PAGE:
FIGURE 5 is a side elevational view of one type of golfing figure that may be utilized with my game certain parts being broken away and in section to illustrate details in the construction;

FIGURE 6 is a substantially horizontal transverse section taken through the golfing figure, the section being represented by the line 66 of FIGURE 5 of the draw ings and looking in the direction of the arrows;

FIGURE 7 is a perspective view of one of the balls utilized in my game, certain parts being broken away and in section to show its construction, and

FIGURE 8 is a perspective view of the other ball used in my game with certain parts being broken away and in section to illustrate its construction.

Referring now to the drawings in detail, wherein similar reference characters designate corresponding parts throughout the several views, the letter G generally indicates my novel game, and the same includes broadly the frame member 10 made up of the three sections or holes, 11, 12 and 13, representing the greens 14, the fairways 15, the tees 16, obstacles and hazards 17 as well as the holes 18 and the flag marker 19. The game also broadly includes the golfing figure 2t and a movable tee surface 21.

It is obvious that the playing surface can be made in any desired size and configuration, for example, it could be made so as to cover a complete basement or playroom floor, or to cover a certain area outside of the house, by providing contoured mats and like. Further, it could be contoured or formed from wire mesh covered with suitable fiexible material to simulate the greens, fairways and roughs. However, in the form illustrated, I provide a rectangular shaped frame 22 made of any desired material, but preferably wood, of a size and configuration to fit upon a table surface, such as a Ping-pong table or the like. The rectangular frame then includes the two longitudinal side members 23 and the end members 24. Further, note FIGURES 3 and 4 of the drawings, I provide intermediate bracing and support members 25 which are preferably shaped in the configuration of the inner edges of the sections 11, 12 and 13. Further, the upper surfaces of the rectangular frame and the inner support memhers are provided with apertures or sockets indicated by the numeral 26. The reason for these spaced apertures or sockets 26 will become apparent as the description proceeds.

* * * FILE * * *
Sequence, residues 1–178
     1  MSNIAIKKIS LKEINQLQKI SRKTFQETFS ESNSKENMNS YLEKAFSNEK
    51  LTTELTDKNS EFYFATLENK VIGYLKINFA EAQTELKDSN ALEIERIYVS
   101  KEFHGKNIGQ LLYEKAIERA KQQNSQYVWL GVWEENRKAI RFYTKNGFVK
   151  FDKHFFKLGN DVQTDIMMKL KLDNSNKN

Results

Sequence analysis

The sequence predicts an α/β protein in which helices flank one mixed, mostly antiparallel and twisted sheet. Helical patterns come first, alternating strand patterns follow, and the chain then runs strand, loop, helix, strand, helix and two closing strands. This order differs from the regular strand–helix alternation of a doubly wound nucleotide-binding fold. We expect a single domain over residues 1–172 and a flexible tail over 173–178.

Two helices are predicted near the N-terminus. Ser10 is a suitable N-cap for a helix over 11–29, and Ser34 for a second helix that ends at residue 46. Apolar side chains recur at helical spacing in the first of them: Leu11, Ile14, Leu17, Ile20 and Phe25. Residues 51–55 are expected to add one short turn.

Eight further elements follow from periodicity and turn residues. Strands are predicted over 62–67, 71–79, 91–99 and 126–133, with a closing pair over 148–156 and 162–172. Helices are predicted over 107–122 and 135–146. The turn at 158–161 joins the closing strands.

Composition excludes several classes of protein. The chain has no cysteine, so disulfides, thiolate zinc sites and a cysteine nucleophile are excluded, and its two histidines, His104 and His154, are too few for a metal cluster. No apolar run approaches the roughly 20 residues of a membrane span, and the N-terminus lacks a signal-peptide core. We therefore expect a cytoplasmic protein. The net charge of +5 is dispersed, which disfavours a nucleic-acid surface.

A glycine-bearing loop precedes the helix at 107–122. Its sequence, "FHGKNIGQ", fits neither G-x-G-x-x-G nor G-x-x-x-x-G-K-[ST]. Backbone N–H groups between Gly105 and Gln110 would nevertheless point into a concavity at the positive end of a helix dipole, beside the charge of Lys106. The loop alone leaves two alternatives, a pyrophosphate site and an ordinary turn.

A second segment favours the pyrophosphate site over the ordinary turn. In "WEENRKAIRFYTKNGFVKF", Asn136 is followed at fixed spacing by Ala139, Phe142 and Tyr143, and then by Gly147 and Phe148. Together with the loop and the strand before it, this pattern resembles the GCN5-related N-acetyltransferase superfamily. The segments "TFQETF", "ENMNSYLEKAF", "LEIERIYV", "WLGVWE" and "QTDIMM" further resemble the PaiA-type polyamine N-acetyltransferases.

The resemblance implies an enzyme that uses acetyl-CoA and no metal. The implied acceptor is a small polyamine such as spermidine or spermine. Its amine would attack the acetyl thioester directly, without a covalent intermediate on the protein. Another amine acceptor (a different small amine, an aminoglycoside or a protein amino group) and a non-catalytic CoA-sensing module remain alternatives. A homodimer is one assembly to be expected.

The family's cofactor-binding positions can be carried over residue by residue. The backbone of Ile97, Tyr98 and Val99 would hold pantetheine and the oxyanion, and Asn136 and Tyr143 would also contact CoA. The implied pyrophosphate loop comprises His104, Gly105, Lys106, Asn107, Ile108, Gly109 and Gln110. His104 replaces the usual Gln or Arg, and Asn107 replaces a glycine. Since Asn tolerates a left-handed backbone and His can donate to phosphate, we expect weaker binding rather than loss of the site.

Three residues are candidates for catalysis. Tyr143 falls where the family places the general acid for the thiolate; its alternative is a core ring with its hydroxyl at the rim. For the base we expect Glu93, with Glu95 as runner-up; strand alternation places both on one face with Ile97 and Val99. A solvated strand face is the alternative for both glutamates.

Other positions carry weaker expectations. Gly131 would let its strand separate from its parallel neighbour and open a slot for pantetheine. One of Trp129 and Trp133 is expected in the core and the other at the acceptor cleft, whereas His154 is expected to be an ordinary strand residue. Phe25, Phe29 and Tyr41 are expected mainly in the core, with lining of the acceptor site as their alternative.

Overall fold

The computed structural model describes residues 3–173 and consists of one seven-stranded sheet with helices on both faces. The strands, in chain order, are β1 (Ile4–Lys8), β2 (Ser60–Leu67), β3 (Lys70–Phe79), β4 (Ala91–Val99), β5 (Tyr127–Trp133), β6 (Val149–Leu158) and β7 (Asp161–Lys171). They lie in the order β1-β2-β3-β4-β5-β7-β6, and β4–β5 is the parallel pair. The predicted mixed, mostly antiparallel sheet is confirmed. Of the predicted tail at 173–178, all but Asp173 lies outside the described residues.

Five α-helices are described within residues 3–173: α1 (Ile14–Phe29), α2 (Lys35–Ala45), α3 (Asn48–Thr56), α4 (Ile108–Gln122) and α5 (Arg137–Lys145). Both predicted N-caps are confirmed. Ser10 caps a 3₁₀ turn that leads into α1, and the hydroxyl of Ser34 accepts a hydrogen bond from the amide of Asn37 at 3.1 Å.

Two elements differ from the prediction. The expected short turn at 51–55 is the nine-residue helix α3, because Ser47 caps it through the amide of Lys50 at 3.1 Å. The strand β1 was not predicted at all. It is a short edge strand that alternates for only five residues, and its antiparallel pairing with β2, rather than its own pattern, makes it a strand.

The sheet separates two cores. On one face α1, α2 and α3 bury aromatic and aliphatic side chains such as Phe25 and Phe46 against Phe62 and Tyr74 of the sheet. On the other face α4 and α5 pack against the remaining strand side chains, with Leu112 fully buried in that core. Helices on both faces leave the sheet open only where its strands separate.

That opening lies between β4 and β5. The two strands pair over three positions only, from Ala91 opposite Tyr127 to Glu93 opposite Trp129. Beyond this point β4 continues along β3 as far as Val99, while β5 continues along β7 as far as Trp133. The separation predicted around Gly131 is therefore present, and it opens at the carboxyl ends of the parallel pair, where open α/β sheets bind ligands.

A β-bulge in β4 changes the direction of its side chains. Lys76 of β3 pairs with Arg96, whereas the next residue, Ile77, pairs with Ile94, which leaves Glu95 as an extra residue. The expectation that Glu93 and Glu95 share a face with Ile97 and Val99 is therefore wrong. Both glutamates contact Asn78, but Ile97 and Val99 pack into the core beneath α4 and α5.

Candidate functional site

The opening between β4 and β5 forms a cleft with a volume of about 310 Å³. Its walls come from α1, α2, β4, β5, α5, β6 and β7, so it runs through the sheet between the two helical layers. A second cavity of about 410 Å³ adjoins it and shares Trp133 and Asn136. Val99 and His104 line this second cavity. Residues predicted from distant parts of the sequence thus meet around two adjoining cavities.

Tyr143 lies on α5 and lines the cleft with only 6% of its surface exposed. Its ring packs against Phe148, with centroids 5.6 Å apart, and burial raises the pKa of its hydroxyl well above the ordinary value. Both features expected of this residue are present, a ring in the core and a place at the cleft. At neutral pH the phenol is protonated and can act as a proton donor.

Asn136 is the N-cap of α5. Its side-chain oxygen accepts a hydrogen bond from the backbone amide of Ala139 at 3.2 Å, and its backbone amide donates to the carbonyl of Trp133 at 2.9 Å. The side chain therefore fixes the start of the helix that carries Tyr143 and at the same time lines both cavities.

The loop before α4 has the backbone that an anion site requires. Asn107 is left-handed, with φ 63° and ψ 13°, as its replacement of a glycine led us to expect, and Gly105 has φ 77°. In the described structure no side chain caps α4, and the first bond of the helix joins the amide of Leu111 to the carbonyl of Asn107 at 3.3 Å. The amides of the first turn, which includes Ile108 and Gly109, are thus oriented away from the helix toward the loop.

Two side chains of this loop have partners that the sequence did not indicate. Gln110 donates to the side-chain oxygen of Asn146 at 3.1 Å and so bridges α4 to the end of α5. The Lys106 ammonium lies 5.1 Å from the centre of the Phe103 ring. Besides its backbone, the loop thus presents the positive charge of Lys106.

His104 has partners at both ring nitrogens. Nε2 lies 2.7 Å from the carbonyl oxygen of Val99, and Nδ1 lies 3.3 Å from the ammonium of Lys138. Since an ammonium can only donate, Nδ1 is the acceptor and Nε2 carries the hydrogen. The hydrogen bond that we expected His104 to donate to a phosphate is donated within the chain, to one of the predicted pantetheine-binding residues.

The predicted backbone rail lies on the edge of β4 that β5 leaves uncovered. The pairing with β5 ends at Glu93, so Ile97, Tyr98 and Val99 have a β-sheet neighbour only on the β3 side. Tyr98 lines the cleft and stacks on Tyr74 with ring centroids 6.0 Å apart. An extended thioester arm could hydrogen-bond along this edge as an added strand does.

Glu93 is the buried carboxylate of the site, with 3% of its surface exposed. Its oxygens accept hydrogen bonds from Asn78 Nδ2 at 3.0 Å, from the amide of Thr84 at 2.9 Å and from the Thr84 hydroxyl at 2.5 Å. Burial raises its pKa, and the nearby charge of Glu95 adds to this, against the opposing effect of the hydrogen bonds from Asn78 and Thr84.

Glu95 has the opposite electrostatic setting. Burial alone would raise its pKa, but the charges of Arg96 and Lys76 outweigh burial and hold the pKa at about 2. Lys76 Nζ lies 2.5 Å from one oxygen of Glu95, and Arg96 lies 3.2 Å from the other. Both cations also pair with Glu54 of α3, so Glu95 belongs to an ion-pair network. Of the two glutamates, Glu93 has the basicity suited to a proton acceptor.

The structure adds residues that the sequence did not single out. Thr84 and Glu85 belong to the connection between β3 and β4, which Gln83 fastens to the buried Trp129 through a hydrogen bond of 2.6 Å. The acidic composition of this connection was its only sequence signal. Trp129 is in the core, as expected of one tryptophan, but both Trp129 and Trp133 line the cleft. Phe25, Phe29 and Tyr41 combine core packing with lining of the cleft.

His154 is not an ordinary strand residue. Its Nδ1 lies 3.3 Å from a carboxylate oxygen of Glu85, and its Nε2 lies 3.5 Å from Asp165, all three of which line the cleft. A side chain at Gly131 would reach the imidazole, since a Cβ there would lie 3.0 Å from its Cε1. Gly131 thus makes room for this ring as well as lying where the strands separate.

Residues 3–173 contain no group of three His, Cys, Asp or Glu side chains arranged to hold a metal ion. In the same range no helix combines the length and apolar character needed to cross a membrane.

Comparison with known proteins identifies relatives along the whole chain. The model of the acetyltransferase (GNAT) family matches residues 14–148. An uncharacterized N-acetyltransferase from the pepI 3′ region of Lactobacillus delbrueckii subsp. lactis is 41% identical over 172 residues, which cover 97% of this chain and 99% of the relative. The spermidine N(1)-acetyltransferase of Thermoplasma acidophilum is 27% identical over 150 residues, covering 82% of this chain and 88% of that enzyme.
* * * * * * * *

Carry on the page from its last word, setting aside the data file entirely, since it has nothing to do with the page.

The sections 11, 12 and 13 may also be contoured and formed in any desired manner and made from any formable material, such as molded plastic, hard rubber, even shaped wood and the like, but preferably, since the undersurface of the green should be metal, I stamp each piece from metal sheets 27, 28 and 29, as shown. As previously mentioned, the contour of each section and location of the putting greens and holes can be varied as desired, and in fact these sections are removable and another section of different characteristics can be utilized in lieu thereof. Each section, however, is provided with inwardly extending peripheral flanges 3t 31 and 32, respectively, and these flanges are in turn provided with depending pins 33, 34, and 35 respectively. These pins are spaced so as to correspond and be in alignment with the sockets or apertures 26 formed in the frame and support members. Obviously, therefore, when the pins are received in the sockets they will be held firmly in place, but each section can be easily and readily removed and a different type of section substituted therefor.